Wednesday, October 5, 2011

Forbes interviews Laura Chinchilla

Forbes magazine has an interview with Costa Rican President Laura Chinchilla up on its website. In it, the interviewer asks why drug cartels have become such a problem for Costa Rica. Chinchilla answers that
The most important factor is location. We are in the middle of the most important drug producers in the South and the most important drug consumers in the North. Since we are in the middle, what you find is a lot of activities in transporting and exporting through Central America. But we cannot move. [laughs] We have to raise the barrier so we can be able to protect our country.
It's not a great question in that it's pretty obvious that CR is right in the middle of the producers and consumers. However, Forbes readers might not know this. Chinchilla found her answer funny as did I.

Anyway, if the most important factor that explains why drug cartels are causing problems in Costa Rica and Central America is the problem of geography, there's not much that can be done about that.

Strengthening the political and judicial institutions in El Salvador, Honduras, Guatemala, Nicaragua, and Costa Rica is a good thing. Reducing poverty and inequality is another important goal. Making sure that you have enough highly trained police and military to tackle the problems’ affecting you country is a positive development as well.

However, none of this will make a dent in the supply (Colombia, Peru, Bolivia) or demand (the US and Europe). At best, we’re looking at an argument that says we want to make it more difficult for drug traffickers to use the Central American mainland to ship their drugs to the US. Our goal is to make them go back to using the sea or some other alternative.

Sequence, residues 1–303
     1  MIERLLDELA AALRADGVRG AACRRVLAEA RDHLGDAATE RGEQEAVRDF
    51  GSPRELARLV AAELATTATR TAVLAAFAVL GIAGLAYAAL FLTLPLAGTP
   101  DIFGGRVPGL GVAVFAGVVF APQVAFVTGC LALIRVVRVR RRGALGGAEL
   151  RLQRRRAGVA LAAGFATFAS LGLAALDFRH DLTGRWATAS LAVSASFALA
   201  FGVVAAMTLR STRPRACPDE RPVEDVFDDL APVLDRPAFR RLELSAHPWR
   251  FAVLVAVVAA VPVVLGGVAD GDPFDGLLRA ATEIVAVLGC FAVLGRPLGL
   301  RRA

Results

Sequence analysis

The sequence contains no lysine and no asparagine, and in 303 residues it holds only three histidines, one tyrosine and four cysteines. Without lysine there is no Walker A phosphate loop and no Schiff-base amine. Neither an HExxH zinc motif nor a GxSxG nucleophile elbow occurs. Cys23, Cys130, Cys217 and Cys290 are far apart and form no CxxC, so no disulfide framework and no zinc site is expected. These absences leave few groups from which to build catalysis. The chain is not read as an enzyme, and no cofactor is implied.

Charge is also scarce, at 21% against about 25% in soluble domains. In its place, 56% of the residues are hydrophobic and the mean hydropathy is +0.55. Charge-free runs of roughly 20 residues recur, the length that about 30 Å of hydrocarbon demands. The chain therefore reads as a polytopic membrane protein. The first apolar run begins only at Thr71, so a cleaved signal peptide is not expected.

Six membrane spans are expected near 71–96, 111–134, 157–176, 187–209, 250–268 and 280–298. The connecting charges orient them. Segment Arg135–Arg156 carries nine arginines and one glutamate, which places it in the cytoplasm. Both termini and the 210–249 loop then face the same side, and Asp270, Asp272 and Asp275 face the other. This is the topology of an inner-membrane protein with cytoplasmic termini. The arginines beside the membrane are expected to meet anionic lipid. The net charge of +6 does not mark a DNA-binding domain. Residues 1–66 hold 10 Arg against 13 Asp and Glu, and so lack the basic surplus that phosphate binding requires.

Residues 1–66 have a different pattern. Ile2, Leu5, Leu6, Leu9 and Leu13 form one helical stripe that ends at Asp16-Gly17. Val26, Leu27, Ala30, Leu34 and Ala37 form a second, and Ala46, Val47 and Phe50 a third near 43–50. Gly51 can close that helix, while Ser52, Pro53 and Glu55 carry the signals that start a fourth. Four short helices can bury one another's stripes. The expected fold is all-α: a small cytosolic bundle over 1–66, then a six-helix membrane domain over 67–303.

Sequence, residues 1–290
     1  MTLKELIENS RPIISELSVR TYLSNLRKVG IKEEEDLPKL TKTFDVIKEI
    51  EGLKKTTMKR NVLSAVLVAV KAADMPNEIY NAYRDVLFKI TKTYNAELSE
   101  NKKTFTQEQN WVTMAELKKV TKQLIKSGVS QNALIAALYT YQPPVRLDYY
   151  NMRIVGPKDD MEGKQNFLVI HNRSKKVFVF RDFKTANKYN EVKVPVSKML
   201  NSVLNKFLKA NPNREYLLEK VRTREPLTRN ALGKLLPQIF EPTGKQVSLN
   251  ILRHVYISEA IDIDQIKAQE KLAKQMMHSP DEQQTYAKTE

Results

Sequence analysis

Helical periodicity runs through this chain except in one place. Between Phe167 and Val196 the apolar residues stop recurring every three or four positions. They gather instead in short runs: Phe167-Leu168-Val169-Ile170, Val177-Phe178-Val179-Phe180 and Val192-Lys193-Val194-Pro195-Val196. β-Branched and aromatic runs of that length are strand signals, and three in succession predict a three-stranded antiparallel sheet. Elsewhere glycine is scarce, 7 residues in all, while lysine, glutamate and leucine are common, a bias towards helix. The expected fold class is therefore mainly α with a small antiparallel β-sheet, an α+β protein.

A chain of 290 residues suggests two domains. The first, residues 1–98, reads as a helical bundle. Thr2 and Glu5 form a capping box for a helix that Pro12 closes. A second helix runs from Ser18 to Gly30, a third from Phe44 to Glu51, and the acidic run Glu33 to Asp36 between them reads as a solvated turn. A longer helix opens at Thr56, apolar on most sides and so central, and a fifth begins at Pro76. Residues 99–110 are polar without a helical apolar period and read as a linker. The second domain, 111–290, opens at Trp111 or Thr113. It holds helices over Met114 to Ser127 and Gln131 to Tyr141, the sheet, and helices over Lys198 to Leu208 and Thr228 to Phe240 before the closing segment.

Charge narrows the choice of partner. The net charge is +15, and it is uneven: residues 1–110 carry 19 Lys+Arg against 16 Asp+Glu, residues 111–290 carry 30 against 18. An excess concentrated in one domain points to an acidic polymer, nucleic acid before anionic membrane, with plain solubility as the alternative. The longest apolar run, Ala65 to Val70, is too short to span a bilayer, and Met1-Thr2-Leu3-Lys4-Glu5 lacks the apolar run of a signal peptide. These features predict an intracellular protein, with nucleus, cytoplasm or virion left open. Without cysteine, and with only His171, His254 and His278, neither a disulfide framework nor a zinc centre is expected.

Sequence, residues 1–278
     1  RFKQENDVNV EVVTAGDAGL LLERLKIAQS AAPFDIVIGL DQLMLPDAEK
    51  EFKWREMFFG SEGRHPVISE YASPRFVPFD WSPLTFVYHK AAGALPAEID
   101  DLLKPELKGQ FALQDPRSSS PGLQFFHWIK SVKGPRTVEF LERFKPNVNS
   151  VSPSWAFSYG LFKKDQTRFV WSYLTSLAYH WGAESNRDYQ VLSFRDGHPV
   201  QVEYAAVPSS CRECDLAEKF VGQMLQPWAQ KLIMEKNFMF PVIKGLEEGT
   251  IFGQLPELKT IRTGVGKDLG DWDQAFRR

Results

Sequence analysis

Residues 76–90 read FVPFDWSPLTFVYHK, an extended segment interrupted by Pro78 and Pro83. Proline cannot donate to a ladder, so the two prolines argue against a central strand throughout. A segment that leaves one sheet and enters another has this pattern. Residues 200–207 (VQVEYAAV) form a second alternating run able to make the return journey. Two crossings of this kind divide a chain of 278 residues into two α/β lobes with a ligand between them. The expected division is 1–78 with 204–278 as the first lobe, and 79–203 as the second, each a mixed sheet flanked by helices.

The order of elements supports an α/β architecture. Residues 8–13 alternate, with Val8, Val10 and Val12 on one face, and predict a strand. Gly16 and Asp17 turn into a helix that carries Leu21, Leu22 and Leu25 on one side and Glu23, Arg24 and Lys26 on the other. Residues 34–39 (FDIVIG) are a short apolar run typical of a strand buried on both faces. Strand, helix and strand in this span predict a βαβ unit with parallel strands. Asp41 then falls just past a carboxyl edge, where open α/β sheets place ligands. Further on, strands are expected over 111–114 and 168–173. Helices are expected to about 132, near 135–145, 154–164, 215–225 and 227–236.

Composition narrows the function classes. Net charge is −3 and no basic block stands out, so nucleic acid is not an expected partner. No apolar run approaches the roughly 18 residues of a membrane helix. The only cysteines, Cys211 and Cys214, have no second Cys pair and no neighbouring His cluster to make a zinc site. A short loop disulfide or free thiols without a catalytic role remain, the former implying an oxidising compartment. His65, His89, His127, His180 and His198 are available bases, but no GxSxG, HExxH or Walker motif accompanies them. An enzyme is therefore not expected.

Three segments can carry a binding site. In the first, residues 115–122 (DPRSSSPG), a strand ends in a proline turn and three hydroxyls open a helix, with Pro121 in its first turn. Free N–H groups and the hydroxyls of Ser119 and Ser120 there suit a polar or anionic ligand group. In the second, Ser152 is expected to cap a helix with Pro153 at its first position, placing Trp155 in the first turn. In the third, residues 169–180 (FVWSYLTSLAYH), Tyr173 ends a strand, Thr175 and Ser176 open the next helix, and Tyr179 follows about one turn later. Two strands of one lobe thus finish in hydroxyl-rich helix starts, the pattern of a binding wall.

1. Here's a question - if you make it economically unfeasible to land in Costa Rica as a transshipment point, would that not in itself go a long way to eradicating the issue of geography? Hence, enforcement and public statement become key tools in limiting the attraction of transshipment points.

    Cheers, Tee

    Tee is Senior Editor of digital magazine about Costa Rica

  2. I guess I don't see raising the costs of traffickers using Costa Rican territory as equivalent to eradicating the issue of geography. It's still centrally located because the producer and consumption countries. Granted for Costa Rica, reducing drug trafficking is an important goal and ill go a long way towards improving the welfare of the average Tico.

    I'm just thinking that the best way to reduce the drug trade in Central America is to double up resources on supply and demand countries rather than transit countries.